The temperature gradient between the lithosphere and the surrounding mantle enables heat to be transferred from the latter to the former

    • B. 

      The more the temperature of the lithosphere slab increases, the more conductive the rock itself becomes

    • C. 

      Minerals in the lithosphere slab release heat in the course of phase changes that occur during their descent into the mantle

    • D. 

      The further the lithosphere slab descends into the mantle, the faster the radioactive decay of elements within it adds to its heat

  • 5.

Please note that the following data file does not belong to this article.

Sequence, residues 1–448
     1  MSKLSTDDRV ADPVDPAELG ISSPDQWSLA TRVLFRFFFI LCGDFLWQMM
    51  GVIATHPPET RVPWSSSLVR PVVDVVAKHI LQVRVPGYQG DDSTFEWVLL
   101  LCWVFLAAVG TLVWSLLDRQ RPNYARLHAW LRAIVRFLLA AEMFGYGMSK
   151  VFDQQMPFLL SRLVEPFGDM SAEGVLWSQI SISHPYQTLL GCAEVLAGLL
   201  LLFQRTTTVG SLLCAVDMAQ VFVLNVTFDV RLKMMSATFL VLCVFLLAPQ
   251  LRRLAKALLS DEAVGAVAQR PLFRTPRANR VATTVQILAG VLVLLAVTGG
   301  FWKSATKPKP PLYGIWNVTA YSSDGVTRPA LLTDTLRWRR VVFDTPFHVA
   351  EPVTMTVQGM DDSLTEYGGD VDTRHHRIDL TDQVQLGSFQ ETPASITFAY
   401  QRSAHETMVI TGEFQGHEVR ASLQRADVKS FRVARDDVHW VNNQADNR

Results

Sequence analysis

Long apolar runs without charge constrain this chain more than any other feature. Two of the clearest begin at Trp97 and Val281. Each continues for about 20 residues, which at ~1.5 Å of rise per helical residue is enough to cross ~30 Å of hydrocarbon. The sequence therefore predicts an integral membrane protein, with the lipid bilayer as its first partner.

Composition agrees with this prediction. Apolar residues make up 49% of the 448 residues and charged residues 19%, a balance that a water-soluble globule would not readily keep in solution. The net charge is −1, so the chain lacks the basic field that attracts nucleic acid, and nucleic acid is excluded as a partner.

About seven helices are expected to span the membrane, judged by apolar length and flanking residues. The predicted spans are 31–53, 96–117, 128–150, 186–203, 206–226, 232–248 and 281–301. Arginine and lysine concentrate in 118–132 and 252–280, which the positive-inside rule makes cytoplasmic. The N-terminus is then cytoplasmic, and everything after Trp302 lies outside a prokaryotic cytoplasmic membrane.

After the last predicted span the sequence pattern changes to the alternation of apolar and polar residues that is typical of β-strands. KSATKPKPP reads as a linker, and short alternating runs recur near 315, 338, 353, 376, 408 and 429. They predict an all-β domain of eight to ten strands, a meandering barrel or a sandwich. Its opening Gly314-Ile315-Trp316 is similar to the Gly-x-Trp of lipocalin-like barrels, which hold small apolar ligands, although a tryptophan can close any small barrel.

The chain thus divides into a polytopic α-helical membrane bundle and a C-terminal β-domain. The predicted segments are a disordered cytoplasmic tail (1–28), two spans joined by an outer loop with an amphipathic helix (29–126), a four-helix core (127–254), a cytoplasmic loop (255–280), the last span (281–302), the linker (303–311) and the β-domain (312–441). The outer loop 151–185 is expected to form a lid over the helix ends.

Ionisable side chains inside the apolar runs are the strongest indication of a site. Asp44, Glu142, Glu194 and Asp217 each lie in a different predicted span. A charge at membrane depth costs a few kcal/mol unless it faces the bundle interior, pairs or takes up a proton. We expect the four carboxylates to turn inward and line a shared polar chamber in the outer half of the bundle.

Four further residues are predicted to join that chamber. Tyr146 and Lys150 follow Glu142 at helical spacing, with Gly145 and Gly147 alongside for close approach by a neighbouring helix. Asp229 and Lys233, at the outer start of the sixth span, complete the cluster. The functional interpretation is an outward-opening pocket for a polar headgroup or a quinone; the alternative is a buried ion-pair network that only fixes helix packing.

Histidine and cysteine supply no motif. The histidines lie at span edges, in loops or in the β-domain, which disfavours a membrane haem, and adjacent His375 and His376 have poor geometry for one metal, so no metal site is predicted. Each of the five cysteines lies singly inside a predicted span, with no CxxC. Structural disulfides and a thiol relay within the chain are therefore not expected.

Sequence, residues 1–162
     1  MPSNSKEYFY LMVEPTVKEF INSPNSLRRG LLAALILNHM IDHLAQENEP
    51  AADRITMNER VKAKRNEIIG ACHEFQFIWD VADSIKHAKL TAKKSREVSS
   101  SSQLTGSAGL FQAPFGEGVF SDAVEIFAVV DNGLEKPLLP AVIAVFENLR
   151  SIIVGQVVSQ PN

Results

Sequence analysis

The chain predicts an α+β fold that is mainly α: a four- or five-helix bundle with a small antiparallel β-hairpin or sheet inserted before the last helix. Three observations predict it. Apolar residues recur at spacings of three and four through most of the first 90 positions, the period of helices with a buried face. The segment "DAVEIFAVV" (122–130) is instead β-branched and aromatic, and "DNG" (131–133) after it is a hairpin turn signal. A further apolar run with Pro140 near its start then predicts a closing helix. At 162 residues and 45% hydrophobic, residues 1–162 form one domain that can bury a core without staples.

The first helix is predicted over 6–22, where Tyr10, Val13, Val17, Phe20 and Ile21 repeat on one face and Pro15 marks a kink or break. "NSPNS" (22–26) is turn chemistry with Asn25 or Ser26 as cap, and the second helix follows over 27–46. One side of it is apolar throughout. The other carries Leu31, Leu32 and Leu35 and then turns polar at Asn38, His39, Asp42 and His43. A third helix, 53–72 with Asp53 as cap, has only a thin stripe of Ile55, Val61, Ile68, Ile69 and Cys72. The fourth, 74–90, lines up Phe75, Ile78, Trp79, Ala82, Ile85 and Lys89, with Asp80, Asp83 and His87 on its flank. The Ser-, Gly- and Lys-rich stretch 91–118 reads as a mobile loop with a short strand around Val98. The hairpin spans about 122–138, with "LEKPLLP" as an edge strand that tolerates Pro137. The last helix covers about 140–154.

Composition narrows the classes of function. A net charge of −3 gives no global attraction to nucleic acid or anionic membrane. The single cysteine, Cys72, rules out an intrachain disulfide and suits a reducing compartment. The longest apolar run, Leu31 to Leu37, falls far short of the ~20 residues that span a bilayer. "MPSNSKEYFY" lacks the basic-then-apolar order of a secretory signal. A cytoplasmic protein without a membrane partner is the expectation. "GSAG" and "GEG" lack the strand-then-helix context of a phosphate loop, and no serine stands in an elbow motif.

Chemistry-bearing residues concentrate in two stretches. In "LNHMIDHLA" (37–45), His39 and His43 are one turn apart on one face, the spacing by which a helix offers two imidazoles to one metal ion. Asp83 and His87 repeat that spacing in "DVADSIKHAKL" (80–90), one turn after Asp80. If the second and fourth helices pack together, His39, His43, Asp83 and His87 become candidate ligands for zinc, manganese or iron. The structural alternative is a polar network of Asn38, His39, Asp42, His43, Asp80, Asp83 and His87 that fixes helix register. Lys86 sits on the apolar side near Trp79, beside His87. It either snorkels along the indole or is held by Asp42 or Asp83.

Directions (Q. 5 – 8): The passage given below is followed by a set of four questions. Choose the most appropriate answer to each question. The view that the social sciences are methodologically distinct from the other sciences has sometimes been fallaciously illustrated by arguments that obscure the distinctions between technique and method and between discovery and validation. For example, the following type of argument is given. Suppose that the first thing a Martian witnesses on earth is a woman voting a straight ticket in an election. Though the Martian might be able to describe the physical characteristics of the event, he could never, it is argued, explain its peculiarly social characteristics, its meaningfulness in a social context. However, no argument about the method of social science should require that techniques of observation and experiment should be used that are proper to the physical sciences. In addition, examples purporting to show that there are greater difficulties in formulating theories or hypotheses in social science have no bearing on the method by which such theories are verified. Question: The primary purpose of the passage is to